Wednesday, January 13, 2016

Navy Weighing Options for a Family of Future Surface Ships

The Navy is currently charting its new roadmap for a family of future surface ships it hopes to enter the fleet sometime in the 2030s.
The future surface combatant study – set to complete in the late summer or early fall – is the early work that will lay out in detail a picture of the world and threats the next set of surface combatants will face and what the ships of the future will need to look like to combat them, the Navy’s director of surface warfare, Rear Adm. Peter Fanta (OPNAV N96) told USNI News in an interview last week.
“The future surface combatant study looks at all of the capabilities that we need to get across the board – from replacing [Cyclone-class patrol craft (PC-1)], all the way up through what we do with cruiser follow on and what do we do for the next destroyers,” Fanta said.
“We’re looking at a family of options. I have family of requirements. Now, for the large surface combatant, it’s both capacity and capability that we have to look at.”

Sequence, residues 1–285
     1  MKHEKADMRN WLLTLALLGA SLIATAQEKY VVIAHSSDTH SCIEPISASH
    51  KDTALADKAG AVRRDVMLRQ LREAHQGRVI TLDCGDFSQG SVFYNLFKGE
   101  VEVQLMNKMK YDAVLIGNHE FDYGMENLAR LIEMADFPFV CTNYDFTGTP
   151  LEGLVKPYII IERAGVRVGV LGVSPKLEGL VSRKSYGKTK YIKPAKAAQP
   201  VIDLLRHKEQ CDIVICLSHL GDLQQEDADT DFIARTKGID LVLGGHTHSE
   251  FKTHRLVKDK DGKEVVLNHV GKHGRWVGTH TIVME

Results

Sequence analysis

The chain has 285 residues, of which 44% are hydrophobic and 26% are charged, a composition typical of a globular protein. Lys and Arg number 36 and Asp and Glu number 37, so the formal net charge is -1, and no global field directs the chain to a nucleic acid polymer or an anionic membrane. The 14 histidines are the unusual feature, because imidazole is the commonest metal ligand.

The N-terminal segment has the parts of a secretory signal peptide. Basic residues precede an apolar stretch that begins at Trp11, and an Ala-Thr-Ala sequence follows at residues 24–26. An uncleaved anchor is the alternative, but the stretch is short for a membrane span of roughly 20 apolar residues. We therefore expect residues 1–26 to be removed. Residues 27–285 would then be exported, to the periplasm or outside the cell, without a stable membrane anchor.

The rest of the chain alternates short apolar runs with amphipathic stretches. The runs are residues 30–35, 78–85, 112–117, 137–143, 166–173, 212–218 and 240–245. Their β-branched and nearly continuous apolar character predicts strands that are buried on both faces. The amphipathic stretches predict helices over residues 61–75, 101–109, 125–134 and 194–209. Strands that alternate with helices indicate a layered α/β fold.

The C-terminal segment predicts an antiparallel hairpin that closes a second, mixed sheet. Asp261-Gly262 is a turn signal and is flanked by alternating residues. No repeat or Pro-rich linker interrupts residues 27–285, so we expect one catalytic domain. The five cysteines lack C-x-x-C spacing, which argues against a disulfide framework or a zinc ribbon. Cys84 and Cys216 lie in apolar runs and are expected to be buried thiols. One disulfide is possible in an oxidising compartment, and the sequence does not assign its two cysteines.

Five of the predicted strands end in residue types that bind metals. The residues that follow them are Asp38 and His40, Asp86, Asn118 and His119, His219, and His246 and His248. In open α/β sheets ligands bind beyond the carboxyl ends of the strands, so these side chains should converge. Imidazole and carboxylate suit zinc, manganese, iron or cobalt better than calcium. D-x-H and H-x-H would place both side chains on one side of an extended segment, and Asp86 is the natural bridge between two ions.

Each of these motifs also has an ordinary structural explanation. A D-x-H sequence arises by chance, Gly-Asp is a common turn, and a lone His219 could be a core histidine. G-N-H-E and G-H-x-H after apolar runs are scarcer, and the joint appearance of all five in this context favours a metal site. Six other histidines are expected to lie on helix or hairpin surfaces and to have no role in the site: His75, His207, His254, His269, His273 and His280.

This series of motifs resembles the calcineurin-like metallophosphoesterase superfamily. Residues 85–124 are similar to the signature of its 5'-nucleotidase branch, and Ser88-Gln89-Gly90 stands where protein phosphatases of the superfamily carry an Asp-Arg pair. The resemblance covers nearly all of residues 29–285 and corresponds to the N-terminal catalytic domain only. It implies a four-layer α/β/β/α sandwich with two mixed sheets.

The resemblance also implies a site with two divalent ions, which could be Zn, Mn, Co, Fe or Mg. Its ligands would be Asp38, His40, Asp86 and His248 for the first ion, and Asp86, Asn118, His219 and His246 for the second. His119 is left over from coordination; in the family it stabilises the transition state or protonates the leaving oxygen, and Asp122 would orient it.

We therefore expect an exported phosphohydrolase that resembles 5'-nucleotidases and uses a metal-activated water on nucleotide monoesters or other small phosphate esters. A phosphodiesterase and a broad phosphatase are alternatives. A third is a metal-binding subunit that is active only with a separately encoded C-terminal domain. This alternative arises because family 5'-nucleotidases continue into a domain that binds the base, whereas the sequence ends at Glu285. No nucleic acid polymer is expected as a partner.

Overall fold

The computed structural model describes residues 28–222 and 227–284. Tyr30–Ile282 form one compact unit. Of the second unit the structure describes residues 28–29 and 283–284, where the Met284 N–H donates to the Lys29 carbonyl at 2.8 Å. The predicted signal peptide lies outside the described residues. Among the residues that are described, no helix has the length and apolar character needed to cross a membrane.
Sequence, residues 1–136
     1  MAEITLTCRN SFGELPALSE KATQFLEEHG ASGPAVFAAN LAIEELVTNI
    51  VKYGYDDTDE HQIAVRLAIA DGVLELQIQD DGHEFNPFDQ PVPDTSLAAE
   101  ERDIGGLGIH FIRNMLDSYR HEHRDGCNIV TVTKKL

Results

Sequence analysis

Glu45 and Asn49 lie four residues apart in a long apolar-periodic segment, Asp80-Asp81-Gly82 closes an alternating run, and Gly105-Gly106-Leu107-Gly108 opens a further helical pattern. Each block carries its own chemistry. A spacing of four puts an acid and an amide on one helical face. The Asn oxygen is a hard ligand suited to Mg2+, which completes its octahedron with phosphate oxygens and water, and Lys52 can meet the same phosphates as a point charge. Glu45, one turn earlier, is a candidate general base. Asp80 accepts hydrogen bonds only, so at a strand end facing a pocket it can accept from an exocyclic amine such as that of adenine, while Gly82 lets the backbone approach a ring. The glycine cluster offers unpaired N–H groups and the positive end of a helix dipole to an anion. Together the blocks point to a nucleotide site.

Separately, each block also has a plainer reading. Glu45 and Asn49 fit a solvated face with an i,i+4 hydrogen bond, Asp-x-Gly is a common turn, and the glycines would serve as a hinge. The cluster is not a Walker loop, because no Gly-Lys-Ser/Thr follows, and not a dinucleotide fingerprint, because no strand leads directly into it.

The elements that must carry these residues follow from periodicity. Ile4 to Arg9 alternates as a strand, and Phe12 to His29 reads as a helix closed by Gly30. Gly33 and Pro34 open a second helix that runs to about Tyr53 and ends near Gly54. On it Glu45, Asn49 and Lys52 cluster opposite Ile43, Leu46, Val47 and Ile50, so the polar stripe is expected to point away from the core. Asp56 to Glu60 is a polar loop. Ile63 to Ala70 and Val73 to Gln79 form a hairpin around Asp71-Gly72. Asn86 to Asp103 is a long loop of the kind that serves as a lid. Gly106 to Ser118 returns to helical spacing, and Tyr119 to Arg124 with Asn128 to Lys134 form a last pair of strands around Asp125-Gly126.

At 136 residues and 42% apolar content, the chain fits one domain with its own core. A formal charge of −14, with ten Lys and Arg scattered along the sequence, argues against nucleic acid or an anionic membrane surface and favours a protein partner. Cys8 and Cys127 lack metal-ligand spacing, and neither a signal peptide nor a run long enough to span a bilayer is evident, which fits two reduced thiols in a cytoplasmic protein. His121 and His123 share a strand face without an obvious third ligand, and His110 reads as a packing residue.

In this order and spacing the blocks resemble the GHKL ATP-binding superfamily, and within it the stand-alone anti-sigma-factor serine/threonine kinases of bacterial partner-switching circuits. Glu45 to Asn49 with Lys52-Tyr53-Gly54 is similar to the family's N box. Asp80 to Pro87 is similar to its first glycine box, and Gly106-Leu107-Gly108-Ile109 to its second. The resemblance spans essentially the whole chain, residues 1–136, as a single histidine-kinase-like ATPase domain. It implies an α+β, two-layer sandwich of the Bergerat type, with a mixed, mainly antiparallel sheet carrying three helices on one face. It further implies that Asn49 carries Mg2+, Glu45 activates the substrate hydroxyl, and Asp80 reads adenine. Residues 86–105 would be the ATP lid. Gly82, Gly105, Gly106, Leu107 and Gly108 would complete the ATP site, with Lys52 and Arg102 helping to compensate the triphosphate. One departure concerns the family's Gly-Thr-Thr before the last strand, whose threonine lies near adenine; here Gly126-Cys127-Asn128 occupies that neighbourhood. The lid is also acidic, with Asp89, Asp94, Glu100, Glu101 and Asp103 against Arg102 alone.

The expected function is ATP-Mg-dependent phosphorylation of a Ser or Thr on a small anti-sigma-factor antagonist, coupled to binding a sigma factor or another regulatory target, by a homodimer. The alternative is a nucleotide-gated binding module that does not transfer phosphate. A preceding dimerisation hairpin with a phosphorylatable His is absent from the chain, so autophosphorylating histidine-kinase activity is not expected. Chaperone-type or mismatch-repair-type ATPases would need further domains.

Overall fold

The current generation of large surface combatants – Arleigh Burke guided missile destroyers (DDG-51) and Ticonderoga-class (CG-47) guided missile cruisers – have been in the fleet for decades and were all part of a surface-wide shift in capabilities across several different sizes of platforms.
The ships – though multi-mission — are optimized for anti-air warfare and built around a large radar array and a battery of vertical launch system (VLS) missile cells that field a variety of weapons. The ships centered on the Aegis combat system were part of a generational shift in thinking that traded boiler power for gas turbines and single purpose ships for multi-mission combatants.
And now, “we’re about at that inflection point again,” Fanta said.
What’s different in this generation of combatants is how Fanta and the Navy will tackle the problem of the next wave of ships. – constrained by budgets but buttressed by new networked weapons and technologies like directed energy and electromagnetic railguns.
“We’ll see a slightly different fleet [in the 2030s] but we’re going about it differently and how do I plug that together,” he said.
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